I’ll probably never cross paths with that family, again (they looked about as out of place as we felt in that mall).  But, they will forever be in my heart.  Ironic how, on our way to the mall, my friend and I were talking about the impact strangers and their acts of kindness can have on someone else’s life.

Thank you little family!!  I will be sure to pass along the kindness and encouragement you bestowed upon me the next time I see a mother nursing. 🙂


Pay Attention!

There I was in a crowded bowling alley in Alabama nursing my 15 month old when…nothing happened. No one said anything to me. No one suggested I carry on in the bathroom. No one even noticed I was breastfeeding!

The family with three young boys bowling next to my family didn’t glance my way, not one single time. I had given them plenty of things to be offended by: Baby girl was not covered by a blanket. In fact she kept pulling up my shirt exposing me more than I cared for!

But like I said, no one would pay any attention to me.

Once I was nursing my youngest at a store known to have “issues” with breastfeeding mothers. I sat down on a chair outside the changing area while my oldest daughter was trying on clothes and began nursing the baby. The worker asked if I wanted to go in to a dressing room. I declined. That was it.

And this scene repeats itself over and over for me the entire 13 years I’ve been a breastfeeding mother. No one ever notices even though I never wear a blanket, cover, or any other thing that is supposed to disguise what I’m doing.  (I believe those covers are more like giant neon signs that scream “BABY NURSING UNDER HERE!”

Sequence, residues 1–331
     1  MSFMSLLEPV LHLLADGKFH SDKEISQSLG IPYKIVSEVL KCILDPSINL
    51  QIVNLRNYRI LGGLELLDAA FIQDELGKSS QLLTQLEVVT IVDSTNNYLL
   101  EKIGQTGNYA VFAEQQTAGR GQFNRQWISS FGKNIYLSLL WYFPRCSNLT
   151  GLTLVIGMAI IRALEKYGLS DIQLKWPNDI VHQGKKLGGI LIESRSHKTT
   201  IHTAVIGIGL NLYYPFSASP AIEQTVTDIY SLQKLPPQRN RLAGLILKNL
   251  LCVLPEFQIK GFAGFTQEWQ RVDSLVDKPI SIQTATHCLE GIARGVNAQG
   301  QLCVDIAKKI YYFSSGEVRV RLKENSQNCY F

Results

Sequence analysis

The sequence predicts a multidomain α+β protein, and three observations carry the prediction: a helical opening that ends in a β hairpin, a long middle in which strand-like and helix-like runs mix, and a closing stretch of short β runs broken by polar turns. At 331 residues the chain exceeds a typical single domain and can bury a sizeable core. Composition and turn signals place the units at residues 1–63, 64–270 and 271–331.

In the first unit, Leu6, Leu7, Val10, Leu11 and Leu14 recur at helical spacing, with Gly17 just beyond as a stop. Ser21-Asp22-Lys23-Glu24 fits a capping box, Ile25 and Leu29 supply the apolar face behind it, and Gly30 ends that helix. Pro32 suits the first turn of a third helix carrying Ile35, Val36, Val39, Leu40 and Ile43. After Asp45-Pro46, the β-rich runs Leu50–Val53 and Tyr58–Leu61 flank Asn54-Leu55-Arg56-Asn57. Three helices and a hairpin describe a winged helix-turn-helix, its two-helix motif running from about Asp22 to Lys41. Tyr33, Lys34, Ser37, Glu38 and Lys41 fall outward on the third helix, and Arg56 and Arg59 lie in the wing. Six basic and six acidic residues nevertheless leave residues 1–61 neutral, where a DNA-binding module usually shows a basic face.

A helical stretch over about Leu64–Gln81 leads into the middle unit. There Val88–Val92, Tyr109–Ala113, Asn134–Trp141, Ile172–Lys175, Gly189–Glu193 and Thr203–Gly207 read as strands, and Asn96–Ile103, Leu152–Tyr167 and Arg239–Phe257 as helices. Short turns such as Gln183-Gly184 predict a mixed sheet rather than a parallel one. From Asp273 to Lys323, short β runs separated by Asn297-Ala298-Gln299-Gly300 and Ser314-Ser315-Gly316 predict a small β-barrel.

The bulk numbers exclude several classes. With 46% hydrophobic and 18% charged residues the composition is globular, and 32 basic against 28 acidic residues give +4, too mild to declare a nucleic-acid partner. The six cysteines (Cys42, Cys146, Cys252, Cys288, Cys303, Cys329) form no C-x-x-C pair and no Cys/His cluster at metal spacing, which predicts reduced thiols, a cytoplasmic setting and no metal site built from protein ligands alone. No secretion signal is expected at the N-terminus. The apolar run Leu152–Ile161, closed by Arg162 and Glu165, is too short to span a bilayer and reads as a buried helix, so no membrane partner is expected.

Women have been nursing in public for a very long time. The vast majority of women do it so discretely you never even know it’s happening. And most people really don’t care. Every day women all over the country nurse in public without incident. They are completely and totally ignored.

Confidence goes a long way. If a mother looks like she’s where she’s supposed to be and doing what she’s supposed to be doing, people are less likely to take notice. People notice things that are out of the ordinary. The more breastfeeding because ordinary, the less people will notice. And that really is a good thing.

It wasn’t funny at the time

There’s a certain restaurant in Oregon I can’t visit any more, aside from no longer living in Oregon. I’m sure the workers have all since moved on to other better jobs over the 13 years since this happened. I can’t go because my husband launches in to this story and I am all at once mortified and amused.

As a new mother, I wasn’t very adept at breastfeeding my preemie so I nursed him in the car before going in. While waiting for our food, he got fussy, so I fed him again. Our food arrived and he was fussy. So I fed him again. We were eating and I’m still trying to manage to feed both of us. It’s going pretty well. The Boy had always been a very slow eater. Looking back, I realize we had some issues with poor suck and nipple confusion.

I didn’t have a lot of support of information at my disposal for nursing, so my basic strategy was every time the baby fussed, he nursed.

I can’t really say how long he was nursing before I realized he hadn’t burped. It was long enough that I had nearly finished my food. The waitress, bless her heart, had stepped up to the table to ask if we needed anything just as The Boy burped. And refluxed. Projectile. It covered our table, the rest of our food, and the poor waitress.

I was completely mortified. No one said anything. The waitress got some towels. We paid for our food. Never to return again.

Thirteen years later, this story is hilarious.